In my time of being a complete gear nerd, I've looked at hundreds, if not thousands of pictures of studios of all levels. One very common piece among these studios is a reamp box. After doing loads of research and actually using one, I decided reamping is the best way to get the perfect guitar tone in a studio setting. In this article, I'll demystify reamping and even give insight to some cool tricks.
What is reamping?
Reamping starts with tracking via DI. This can be done by plugging your guitar directly into your interface, or by using a DI box like the Radial JDI into your interface for a higher quality signal. You can then later send that squeaky clean DI track out of your interface into your amp. However, the outputs of an interface are at line level which is about 18dB higher than your guitar. If you send that line level signal straight into the amp, it will overload instantly. A reamp box chained between the interface output and the amp will bring the line level signal down to instrument level and make your amp react much more naturally.
Why would I reamp when I can just record the guitar amp right away?
There are a few reasons that reamping is becoming essential. The first being that this is a massive time saver for clients in the studio. It's easy to track with a software amp and then mic up a cab later without them having to be there. When clients are in the studio, they don't want to be waiting around for the engineer to find the perfect placement on the perfect cab with a specific head. They want to go into the studio and make music. Reamping allows engineers to get the perfect tone without the band waiting on them.
Another big reason, especially in heavy music, is editing purposes. The easiest way to get a heavy sound is tight playing. Many tracking engineers will edit every guitar note to the grid. If you have ever seen a DI track against an amp track, you will notice that the transients (or hits) are visible on the DI track, whereas the amp track looks like a brick. Distortion heavily compresses sound and makes it impossible to see transients, so the DI track is necessary for editing.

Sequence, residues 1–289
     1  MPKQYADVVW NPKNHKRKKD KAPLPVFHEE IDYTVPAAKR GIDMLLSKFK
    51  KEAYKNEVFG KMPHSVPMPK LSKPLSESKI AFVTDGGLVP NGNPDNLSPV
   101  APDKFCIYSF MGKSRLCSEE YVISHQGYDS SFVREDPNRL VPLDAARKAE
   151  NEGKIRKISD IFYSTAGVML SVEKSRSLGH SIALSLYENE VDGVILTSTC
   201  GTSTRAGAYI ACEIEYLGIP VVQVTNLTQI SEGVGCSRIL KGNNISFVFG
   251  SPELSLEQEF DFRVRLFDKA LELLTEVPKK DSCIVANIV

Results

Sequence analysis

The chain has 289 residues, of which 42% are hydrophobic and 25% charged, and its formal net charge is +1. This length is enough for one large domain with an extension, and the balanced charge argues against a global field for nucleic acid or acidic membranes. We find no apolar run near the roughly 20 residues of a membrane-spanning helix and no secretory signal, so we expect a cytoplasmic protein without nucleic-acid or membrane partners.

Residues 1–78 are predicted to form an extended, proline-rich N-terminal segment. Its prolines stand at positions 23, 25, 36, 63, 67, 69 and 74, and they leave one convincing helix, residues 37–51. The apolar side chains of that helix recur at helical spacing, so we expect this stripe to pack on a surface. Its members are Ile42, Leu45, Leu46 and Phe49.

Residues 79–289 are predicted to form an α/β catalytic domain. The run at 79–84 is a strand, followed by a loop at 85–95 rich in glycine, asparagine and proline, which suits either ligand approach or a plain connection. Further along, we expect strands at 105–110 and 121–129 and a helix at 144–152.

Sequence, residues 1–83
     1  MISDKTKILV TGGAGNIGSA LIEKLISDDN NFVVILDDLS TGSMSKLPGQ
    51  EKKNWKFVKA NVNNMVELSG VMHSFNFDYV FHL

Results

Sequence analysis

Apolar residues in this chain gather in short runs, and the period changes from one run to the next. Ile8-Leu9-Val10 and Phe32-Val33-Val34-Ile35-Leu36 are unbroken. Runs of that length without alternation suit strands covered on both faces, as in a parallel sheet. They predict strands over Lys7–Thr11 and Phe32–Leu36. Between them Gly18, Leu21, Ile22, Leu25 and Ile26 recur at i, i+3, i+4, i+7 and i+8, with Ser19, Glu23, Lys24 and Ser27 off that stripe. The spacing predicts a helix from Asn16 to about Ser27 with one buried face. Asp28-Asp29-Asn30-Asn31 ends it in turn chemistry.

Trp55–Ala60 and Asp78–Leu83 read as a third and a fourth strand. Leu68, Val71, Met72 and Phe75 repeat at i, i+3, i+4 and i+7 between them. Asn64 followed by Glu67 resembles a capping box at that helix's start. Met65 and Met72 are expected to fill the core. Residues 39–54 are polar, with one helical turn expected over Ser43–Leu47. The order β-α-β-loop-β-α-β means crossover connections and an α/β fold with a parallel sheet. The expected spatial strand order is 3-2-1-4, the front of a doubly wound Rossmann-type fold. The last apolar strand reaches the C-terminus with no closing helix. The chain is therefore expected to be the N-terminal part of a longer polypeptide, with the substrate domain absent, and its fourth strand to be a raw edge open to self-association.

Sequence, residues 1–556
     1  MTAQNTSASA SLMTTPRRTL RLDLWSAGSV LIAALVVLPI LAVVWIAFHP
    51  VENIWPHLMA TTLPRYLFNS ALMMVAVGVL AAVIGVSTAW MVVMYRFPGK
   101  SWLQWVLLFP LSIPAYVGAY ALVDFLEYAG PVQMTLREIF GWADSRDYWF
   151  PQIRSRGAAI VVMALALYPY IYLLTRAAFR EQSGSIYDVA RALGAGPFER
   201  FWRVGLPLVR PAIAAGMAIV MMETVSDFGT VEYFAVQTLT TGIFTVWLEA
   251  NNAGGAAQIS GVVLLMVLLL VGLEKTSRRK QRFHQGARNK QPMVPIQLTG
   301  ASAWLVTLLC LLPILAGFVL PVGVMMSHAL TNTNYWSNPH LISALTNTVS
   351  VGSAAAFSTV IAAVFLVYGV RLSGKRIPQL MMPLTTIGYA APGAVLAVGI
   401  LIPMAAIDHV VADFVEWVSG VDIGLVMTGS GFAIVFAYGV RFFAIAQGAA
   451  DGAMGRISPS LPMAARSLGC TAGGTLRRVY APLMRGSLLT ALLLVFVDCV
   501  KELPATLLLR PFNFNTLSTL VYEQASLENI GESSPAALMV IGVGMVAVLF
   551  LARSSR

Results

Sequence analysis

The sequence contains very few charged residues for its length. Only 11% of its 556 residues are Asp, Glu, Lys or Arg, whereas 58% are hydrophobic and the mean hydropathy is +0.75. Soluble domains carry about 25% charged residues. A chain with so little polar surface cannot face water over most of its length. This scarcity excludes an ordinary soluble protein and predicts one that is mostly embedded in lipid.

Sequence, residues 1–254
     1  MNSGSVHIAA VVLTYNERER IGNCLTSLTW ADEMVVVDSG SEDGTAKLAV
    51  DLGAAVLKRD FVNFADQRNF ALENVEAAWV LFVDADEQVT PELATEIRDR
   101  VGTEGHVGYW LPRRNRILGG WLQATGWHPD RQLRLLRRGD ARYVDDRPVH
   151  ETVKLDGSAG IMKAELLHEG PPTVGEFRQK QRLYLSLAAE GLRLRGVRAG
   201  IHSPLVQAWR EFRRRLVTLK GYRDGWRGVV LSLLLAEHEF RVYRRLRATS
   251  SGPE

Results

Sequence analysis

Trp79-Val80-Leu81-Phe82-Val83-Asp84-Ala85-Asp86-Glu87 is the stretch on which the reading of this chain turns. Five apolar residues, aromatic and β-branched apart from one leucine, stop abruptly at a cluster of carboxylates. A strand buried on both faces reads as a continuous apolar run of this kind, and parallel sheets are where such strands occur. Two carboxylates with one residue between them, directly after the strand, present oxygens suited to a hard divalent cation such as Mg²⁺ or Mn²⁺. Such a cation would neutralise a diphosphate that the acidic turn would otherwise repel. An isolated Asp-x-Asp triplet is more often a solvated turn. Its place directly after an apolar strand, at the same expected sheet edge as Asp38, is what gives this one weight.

Lastly, there are economical and time-saving reasons to reamp. What if the original amp track was not very good or just does not fit in the mix at all? You might be stuck with using a sound that's not ideal. The reamping solution? Many engineers will record DI and an amp track as the same time. Then you can go back and record the best sounding amp for the project.
What are some good reamping solutions?
Radial Engineering ProRMP - $99.99
The most popular reamp box is made by Radial Engineering. These boxes are built tough and will last a lifetime. The ProRMP is very popular in heavy music because it sounds less smooth, but a bit more aggressive than other boxes. It is also very affordable, coming in at only $99.99.
Radial Engineering X-Amp - $199.99
The X-Amp is an active reamper that has a stereo output. An advantage of using active reamp boxes is if you need to run long cabling, the active power source will not degrade the signal at all, whereas the passive may lose some high end. The dual outputs on this make it a great option for running into two different amp heads for tone blending while keeping the signal in phase.
Reamping isn't just for guitars. You may have read some stories and seen some videos of people reamping drums, vocals, keyboards and synths. Reamping these instruments can add interesting effects and depth to a mix that otherwise wouldn't be attainable. It's especially effective on drums if the amp is in a very reflective room. Running a mono signal of the close mics (kick snare and toms) through the amp and recording through both a close mic and a room mic can make your drums sound massive. Adding distortion to the close amp mic can add a cool effect and even give you more headroom as well.
Reamping is a lot of fun, but there is a lot of information to take in. If you're interested in reamping and have questions, don't hesitate to give us a call!
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